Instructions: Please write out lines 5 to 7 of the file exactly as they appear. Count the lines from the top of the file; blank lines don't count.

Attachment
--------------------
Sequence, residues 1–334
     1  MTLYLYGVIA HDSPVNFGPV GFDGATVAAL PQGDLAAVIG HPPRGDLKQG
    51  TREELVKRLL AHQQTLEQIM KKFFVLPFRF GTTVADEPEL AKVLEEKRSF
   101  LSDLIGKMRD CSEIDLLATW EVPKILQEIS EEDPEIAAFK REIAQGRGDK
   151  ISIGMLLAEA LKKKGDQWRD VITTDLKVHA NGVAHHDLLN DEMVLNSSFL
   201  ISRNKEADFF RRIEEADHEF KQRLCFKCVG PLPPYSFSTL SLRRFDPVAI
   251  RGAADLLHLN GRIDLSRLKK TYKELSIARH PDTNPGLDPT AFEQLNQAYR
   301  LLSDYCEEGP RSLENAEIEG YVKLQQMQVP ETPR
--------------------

   151  ISIGMLLAEA LKKKGDQWRD VITTDLKVHA NGVAHHDLLN DEMVLNSSFL
   201  ISRNKEADFF RRIEEADHEF KQRLCFKCVG PLPPYSFSTL SLRRFDPVAI
   251  RGAADLLHLN GRIDLSRLKK TYKELSIARH PDTNPGLDPT AFEQLNQAYR